Sunday Reflection for Christ the King from our Lay Reader, Christina Heath

Are you one of the people who have been eagerly awaiting the new series of The Crown? Or perhaps you are one of those who believe it takes far too many liberties with the “home life of our own dear queen”. Either way, monarchy has always held a fascination for people drawn to the power of kingship as practised by a fallible human being.

          Today we celebrate the feast of Christ the King and can use this opportunity to explore the mystery of Jesus’s own kingship which like so much of His life reveals plenty that is unexpected. The expectations of a monarch have changed over the years: what was expected from a king like William the Conqueror is a far cry from the expectations of a constitutional monarch like Elizabeth II. However, there are some constants which subjects have always seen as desirable in their kings:


Knowledge of their subjects

Compassion for them



Let us consider these briefly in turn. Most kings derive their authority through inheritance, conquest, or tradition. Jesus, as part of the Trinity with the Father and Holy Spirit was present from before time began and so claims ultimate authority as creator and sustainer of us and all we know. He is the all-powerful king from whom all other rulers derive their power. Because of this He can demand respect and awe and thanks. No monarch knows his people better than Jesus. He knows our innermost thoughts and nothing that we do or omit to do, and nothing we think is hidden from Him. This gives Him a unique position to understand our fears and hopes. He more than any monarch can share our lives, not least because as God made flesh, He wept for his friend and was moved to pity by our suffering. No other king can aspire to that level of compassion. No other king is love itself. As omnipotent God but also man there was never a monarch who could rule more competently. It is through His divine providence that we are sustained in life and saved in death. Jesus was motivated by justice and sometimes angered when it was ignored as in the misuse of the temple or the failure to put people before minor rules. God has always been held to be a just God, giving the Jews the law to guide their conduct and protect the weak. Jesus summarised the law as the requirement to love God and to love one’s neighbour as oneself.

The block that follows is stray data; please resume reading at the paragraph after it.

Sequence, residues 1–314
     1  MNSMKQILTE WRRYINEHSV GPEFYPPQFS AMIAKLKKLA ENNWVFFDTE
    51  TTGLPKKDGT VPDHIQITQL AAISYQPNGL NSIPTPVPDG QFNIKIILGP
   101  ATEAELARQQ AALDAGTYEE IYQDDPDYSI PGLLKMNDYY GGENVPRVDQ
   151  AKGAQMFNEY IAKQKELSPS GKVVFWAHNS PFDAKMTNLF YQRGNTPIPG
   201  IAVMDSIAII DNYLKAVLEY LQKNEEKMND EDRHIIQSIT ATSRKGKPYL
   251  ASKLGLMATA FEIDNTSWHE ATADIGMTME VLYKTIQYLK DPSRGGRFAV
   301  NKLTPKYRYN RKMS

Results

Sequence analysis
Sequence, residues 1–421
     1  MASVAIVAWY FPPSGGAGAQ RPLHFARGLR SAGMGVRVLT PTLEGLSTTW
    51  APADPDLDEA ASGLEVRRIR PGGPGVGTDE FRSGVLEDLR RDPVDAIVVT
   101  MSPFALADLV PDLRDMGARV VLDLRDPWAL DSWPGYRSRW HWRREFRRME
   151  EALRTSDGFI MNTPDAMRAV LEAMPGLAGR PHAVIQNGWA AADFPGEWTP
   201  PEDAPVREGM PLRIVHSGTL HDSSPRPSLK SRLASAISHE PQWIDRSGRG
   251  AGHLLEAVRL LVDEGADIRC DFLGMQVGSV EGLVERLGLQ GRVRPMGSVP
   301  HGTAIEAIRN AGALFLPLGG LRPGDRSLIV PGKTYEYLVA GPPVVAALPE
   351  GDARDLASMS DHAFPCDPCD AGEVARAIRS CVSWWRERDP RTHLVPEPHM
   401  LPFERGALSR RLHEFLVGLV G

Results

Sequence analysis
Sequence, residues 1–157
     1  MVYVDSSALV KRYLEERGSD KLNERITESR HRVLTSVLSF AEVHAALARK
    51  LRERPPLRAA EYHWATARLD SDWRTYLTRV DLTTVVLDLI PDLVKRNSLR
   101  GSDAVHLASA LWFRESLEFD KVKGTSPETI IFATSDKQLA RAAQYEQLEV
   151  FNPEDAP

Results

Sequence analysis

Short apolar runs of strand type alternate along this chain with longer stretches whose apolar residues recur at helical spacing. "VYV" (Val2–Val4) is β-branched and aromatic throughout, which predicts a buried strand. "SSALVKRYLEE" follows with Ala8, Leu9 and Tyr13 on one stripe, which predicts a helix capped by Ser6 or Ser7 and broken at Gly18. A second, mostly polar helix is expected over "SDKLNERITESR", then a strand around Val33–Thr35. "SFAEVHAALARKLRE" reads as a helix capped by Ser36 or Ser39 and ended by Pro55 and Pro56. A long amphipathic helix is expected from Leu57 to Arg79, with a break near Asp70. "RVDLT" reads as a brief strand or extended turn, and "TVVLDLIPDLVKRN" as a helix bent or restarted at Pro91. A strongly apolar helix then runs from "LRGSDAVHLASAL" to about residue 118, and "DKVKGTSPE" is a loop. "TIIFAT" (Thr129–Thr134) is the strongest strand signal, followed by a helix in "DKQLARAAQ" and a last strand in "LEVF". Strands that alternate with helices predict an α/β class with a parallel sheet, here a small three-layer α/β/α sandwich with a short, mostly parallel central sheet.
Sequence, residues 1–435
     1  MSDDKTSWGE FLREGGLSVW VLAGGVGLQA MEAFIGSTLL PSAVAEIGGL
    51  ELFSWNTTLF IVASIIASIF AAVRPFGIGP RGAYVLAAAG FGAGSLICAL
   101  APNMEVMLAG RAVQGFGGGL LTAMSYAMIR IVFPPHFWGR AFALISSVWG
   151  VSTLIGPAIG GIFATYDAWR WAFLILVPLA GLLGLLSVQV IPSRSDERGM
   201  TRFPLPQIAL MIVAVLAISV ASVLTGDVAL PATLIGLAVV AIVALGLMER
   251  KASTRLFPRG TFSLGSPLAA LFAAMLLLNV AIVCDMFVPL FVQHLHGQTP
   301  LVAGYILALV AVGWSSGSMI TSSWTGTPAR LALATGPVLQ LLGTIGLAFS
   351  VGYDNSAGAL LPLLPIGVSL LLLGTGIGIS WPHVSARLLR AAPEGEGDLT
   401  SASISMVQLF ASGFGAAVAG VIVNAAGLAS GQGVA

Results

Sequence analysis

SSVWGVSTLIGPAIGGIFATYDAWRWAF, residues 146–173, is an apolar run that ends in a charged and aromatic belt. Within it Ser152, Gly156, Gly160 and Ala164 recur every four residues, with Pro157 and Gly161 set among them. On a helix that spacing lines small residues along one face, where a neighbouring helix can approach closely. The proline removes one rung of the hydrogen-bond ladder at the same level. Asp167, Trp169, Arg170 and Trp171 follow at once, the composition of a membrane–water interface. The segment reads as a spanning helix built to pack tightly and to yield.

All three readings appointed for today consider the return of the Messiah/ Jesus at some time in the future when He will be revealed in His true kingly glory to judge all the peoples of the earth. The Gospel reading comes at the very end of Jesus’s teaching in Matthew. His prediction of his own return in righteous and just glory comes just before his arrest, trial, and sordid death on the cross. The shameful physicality of His treatment in His final earthly days could not be further from the awesome and mighty divine glory He speaks of in this section. That of course is part of the point. No king worth his salt could command the respect and love Jesus does without sacrificing Himself for us. His kingship was anchored in His utmost vulnerability.